"For if obrazovat’sia is not a neologism, then one must ask what it is that gives Stiva such pleasure. Not that the word is somehow a new one but rather that it is, for him, an agreeably apt use of an old one, a word that proposes a sort of indifferent, in-the-natural-course-of-things resolution for his distress—an easy, perhaps even slightly cynical abstracting by his friend and servant of the fraught human circumstance in which Stiva’s casual moral ineptitude has placed himself and everyone else, and the implications of which he has not fully grasped, as Tolstoy shows us again and again.
"Matvey has offered him a comfortable lexical evasion, so to speak, a 'nice little word' ('slovechko,' as Stiva says in very colloquial Russian) that he can, moreover, eventually include in a story for effect (more evidence of his skewed moral orientation, of his aesthetic view of life), and that almost punningly represents for him that the situation with which he is faced is merely a formal one, an idea that the rest of the novel will of course in various ways refute. The word, which was thus for Tolstoy a kind of thematic pivot or node, essentially means, as Garnett correctly indicated, that things will work out, will come out all right in the end; that chaos will sort itself out and the previous form and arrangement of things and relations will return, almost by themselves and unscathed, in the 'inevitable rhythm' of life, as the charming but shallow Stiva self-indulgently conceives it."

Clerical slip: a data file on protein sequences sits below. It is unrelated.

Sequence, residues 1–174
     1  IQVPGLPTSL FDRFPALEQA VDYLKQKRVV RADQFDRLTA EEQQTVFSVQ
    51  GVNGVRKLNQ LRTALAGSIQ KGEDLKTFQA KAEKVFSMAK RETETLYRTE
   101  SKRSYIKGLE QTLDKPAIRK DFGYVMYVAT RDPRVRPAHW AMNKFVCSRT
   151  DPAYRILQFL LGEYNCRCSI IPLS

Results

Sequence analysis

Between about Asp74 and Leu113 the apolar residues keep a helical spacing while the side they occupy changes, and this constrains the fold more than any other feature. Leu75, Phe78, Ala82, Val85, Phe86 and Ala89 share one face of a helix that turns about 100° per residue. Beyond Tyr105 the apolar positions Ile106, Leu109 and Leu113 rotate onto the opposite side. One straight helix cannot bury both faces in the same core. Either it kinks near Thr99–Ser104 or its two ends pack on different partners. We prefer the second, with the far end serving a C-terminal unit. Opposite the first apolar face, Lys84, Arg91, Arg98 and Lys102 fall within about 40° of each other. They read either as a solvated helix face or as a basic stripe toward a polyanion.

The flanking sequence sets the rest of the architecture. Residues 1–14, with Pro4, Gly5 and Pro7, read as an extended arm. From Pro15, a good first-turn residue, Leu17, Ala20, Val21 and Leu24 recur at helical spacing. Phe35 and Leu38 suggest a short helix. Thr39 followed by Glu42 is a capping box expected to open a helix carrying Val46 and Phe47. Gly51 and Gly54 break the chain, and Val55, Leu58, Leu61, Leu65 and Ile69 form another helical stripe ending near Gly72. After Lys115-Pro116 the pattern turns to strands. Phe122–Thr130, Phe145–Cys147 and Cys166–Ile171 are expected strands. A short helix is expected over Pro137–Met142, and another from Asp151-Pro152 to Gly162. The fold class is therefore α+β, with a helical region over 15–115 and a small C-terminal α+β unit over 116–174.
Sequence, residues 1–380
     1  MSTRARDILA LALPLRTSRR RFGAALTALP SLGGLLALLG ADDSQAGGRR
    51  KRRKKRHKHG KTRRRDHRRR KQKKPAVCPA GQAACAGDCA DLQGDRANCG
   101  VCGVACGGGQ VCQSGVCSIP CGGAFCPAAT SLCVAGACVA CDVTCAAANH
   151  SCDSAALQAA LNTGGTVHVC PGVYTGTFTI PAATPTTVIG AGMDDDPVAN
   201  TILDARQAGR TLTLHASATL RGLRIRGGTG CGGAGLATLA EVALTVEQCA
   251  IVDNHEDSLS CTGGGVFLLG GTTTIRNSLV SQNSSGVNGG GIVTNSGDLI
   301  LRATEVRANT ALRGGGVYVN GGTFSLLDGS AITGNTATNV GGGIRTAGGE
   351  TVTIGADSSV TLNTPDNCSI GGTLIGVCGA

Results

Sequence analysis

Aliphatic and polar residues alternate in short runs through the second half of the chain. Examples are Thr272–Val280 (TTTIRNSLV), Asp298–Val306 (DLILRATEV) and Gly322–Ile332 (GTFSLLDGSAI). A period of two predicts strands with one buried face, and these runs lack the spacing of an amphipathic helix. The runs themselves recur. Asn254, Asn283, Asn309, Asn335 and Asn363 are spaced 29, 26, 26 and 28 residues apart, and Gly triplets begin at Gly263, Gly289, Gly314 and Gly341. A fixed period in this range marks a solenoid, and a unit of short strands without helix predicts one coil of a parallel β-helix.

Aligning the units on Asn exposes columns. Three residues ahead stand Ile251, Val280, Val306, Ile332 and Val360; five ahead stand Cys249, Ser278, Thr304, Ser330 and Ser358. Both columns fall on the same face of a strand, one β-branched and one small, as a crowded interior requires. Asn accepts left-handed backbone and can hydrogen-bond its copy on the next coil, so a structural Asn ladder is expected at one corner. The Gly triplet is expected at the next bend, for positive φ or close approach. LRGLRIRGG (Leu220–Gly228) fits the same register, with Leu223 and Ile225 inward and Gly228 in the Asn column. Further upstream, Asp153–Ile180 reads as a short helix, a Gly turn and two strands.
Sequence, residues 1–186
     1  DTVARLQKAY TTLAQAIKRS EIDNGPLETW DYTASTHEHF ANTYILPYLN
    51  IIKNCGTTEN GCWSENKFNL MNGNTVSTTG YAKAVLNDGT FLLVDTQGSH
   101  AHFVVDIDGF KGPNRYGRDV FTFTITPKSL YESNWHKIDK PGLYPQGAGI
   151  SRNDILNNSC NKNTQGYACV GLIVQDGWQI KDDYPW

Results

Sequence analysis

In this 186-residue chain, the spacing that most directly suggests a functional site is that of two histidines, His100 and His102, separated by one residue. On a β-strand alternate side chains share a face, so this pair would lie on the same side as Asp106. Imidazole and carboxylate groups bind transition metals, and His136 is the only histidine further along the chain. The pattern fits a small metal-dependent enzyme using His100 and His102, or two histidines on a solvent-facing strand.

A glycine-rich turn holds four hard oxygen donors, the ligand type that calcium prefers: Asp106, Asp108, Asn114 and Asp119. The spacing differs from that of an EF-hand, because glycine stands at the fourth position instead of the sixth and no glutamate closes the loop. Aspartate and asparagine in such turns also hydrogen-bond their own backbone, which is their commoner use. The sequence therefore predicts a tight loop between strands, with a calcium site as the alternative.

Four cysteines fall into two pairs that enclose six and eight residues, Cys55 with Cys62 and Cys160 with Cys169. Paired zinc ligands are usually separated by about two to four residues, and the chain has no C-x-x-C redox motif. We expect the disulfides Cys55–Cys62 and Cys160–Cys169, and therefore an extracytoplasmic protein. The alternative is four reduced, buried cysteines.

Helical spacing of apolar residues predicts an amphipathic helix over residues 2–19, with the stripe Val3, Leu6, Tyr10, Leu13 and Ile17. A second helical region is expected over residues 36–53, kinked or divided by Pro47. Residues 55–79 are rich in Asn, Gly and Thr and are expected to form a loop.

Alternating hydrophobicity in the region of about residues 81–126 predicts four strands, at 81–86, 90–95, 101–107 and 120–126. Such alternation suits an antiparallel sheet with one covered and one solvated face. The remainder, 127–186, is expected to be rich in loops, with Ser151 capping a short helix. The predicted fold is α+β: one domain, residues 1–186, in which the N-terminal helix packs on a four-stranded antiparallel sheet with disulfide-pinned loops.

Judson Rosengrant, "To the editors," The New York review of books 63, no. 14 (September 29, 2016): 93.